The effect of container porosity on root environment and plant growth
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Comparison of clay and plastic pots for tomato propagation in six experiments showed plastic pots to give significantly better results than clay pots in winter and the converse to be true in summer. In each experiment the ratio of plant growth (dry weight) in clay and plastic pots was related to both the mean daily solar radiation and the mean outside night minimum temperature. In winter, plants in both types of container made significantly more growth when stood on open benches than when stood on benches with solid surfaces.
These differences in growth were related to soil temperature, clay pots being cooler than plastic pots, the temperature difference between the types of pot ranging from approximately 1°C by night in winter to 4°C under high intensity solar radiation in summer. In winter, soil temperatures were often below the optimum, and in summer in excess of the optimum.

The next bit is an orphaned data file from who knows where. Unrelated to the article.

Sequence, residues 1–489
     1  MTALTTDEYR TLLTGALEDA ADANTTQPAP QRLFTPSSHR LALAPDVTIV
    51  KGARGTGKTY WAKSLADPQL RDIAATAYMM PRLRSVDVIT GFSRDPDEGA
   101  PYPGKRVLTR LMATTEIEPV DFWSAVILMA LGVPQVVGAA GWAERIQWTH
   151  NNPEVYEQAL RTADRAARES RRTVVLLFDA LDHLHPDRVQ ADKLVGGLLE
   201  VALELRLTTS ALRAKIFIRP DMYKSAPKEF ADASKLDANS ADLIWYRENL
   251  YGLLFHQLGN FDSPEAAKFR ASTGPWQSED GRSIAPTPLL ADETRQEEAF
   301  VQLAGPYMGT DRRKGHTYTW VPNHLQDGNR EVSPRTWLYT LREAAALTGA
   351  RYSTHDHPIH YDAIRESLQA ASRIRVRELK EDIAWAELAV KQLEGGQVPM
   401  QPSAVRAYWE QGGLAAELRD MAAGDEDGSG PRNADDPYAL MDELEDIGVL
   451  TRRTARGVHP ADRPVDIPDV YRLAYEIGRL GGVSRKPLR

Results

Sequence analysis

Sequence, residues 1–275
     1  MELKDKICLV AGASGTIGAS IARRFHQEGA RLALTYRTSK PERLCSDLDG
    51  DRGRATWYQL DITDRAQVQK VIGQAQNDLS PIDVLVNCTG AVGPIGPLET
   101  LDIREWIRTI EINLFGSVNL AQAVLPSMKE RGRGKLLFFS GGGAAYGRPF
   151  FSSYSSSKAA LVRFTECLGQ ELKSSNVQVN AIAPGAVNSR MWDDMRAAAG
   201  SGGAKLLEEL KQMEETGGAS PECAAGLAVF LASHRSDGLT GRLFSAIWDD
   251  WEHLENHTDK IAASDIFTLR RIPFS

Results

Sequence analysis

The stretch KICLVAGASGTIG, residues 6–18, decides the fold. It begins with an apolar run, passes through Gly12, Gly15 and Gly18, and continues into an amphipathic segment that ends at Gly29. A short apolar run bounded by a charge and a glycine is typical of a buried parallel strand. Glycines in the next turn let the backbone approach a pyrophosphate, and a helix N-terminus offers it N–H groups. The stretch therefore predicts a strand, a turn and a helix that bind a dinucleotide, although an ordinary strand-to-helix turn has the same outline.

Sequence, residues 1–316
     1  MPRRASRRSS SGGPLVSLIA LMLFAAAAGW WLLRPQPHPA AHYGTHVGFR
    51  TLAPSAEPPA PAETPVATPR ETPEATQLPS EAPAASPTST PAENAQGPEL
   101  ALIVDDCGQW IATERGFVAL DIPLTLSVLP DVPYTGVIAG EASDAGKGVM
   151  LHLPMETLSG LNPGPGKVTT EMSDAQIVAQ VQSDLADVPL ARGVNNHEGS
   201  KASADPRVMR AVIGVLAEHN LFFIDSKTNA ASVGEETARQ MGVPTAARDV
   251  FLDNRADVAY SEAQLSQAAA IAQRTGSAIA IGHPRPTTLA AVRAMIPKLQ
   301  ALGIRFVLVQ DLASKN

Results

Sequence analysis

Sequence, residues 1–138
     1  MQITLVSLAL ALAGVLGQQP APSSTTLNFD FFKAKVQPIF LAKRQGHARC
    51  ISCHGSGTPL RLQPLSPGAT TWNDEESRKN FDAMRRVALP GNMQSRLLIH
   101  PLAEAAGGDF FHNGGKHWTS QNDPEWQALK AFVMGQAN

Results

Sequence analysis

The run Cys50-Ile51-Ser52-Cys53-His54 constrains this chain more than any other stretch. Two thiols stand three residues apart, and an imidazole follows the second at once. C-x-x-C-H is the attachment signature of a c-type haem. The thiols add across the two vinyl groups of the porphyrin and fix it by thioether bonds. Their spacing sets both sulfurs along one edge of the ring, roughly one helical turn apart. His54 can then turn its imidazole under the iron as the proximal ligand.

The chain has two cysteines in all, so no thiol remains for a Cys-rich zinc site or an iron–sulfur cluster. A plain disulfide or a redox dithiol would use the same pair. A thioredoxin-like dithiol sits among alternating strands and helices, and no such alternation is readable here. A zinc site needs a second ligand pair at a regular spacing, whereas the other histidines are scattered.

By day, temperature within the pots showed highly significant correlation with solar radiation, and by night in winter pot temperature was negatively correlated with the difference between the glasshouse and the outside air temperature.
Well-defined horizontal thermal gradients were found, and these were positively correlated with soil temperature. In wet soils the thermal gradients were less than in dry soils, and because of their higher thermal conductivity wet soils were warmer than dry soils.
When the normal evaporative cooling from the porous walls of clay pots was prevented by a bituminous coating, the soil temperature during the night was not significantly different from that in plastic pots. By day, however, soil temperature in non-evaporating clay pots was less than that in evaporating clay pots, due to the lower thermal conductivity of the dry clay wall.
KeywordsSolar Radiation Soil Temperature Thermal Gradient Evaporative Cool Intensity Solar Radiation
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